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The Women's Initiative program emphasizes the importance of creating personalized interactions between school-aged women and college women. School-aged students can identify more closely with college students than with college recruiters and industry professionals. The enthusiasm shown by MIT women reveals a new and exciting side of STEM to younger girls.

Our primary objectives are to:

  • Encourage school aged girls to pursue studies and careers in STEM.
  • Empower and motivate high school girls to take the most challenging math and science courses in high school.
  • Expose students to STEM disciplines and challenge their common stereotypes.
  • Educate and share experiences with other institutions and groups who wish to start similar programs.

This year, our presenters spoke to nearly 6,000 middle school and high school girls across nine states in just four weeks. Girls from around the United States spent time interacting with MIT women who are working in engineering and science every day. Our presenters reached young minds and teachers and made a lasting impact all over the states.

Encouraging more women to get into STEM fields is important to the long term competitiveness of our nation. Statistics show that in the future, there will not be enough scientists and engineers to fill the available positions in industry and academia. The National Science Board warns,

"If action is not taken now to change these trends, we could reach 2020 and find that the ability of U.S. research and education institutions to regenerate has been damaged and that their preeminence has been lost to other areas of the world."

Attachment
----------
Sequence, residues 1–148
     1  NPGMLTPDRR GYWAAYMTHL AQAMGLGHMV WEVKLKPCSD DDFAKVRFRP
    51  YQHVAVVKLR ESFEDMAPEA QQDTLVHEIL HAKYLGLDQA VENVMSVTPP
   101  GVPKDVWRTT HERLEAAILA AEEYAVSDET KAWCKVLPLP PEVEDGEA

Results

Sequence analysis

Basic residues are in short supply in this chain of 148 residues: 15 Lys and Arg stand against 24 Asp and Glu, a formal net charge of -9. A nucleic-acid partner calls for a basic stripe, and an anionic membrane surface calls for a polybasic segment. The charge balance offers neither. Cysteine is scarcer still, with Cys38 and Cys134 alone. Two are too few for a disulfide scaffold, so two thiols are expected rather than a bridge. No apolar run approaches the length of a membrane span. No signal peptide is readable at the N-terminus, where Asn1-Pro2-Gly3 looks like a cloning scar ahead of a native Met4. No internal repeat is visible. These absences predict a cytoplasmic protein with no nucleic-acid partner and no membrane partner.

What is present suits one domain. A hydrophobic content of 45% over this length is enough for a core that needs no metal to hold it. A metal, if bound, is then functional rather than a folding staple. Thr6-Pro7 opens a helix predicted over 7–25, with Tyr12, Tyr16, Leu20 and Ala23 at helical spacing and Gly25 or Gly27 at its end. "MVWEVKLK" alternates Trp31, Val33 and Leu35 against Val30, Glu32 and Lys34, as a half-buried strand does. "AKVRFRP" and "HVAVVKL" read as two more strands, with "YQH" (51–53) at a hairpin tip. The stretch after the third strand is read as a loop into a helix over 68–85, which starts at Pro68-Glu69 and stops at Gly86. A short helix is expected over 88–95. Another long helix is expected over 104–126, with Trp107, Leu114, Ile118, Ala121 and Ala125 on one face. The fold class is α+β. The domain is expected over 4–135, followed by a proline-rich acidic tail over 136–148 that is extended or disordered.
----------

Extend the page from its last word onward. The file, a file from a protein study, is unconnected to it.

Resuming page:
The board observes that the people entering the workforce today with graduate degrees made the decision to study mathematics and science back in middle school. Thus it is very important to improve the perception of STEM disciplines by middle school and high school girls in order to encourage them to pursue these fields.


One essential aspect of our program is that we offer our presentations free of charge to any school district in the nation that applies. Although this allows us to reach even the most economically disadvantaged areas, it also means that we must rely on generous donations from sponsors to finance the traveling costs.

Each presentation is carried out by two MIT students who will travel to a school district and present 15-25 times during their one week stay. Every trip costs an average of $2500 for the two students' travel and lodging costs. An additional $2500 is needed each year, for training sessions, presentation materials, correspondence, and publicity. We are currently looking to raise funds for a minimum of ten trips for 2015, or a total of $25,000.

All companies that financially sponsor the Women's Initiative will have their logo put on all brochures and presentations and at the end of the year's program, an annual report will be sent to the company representative. Company representatives are invited to come to most of our training sessions at MIT. In addition, if the company wishes, we will work to send speakers to areas where the company resides.

If your company is unable to help financially, you can still help out by donating small gifts bearing your company logo (i.e. T-shirts, pens, notepads). Our presentations are interactive and students are involved with hands-on activities and brainstorming exercises throughout the presentations. Giving away small gifts is a powerful incentive for students to follow the presentations closely and ask questions. We would appreciate any products you would like to donate for this purpose.

To become a sponsor, contact us at


Last Updated: November 3, 2013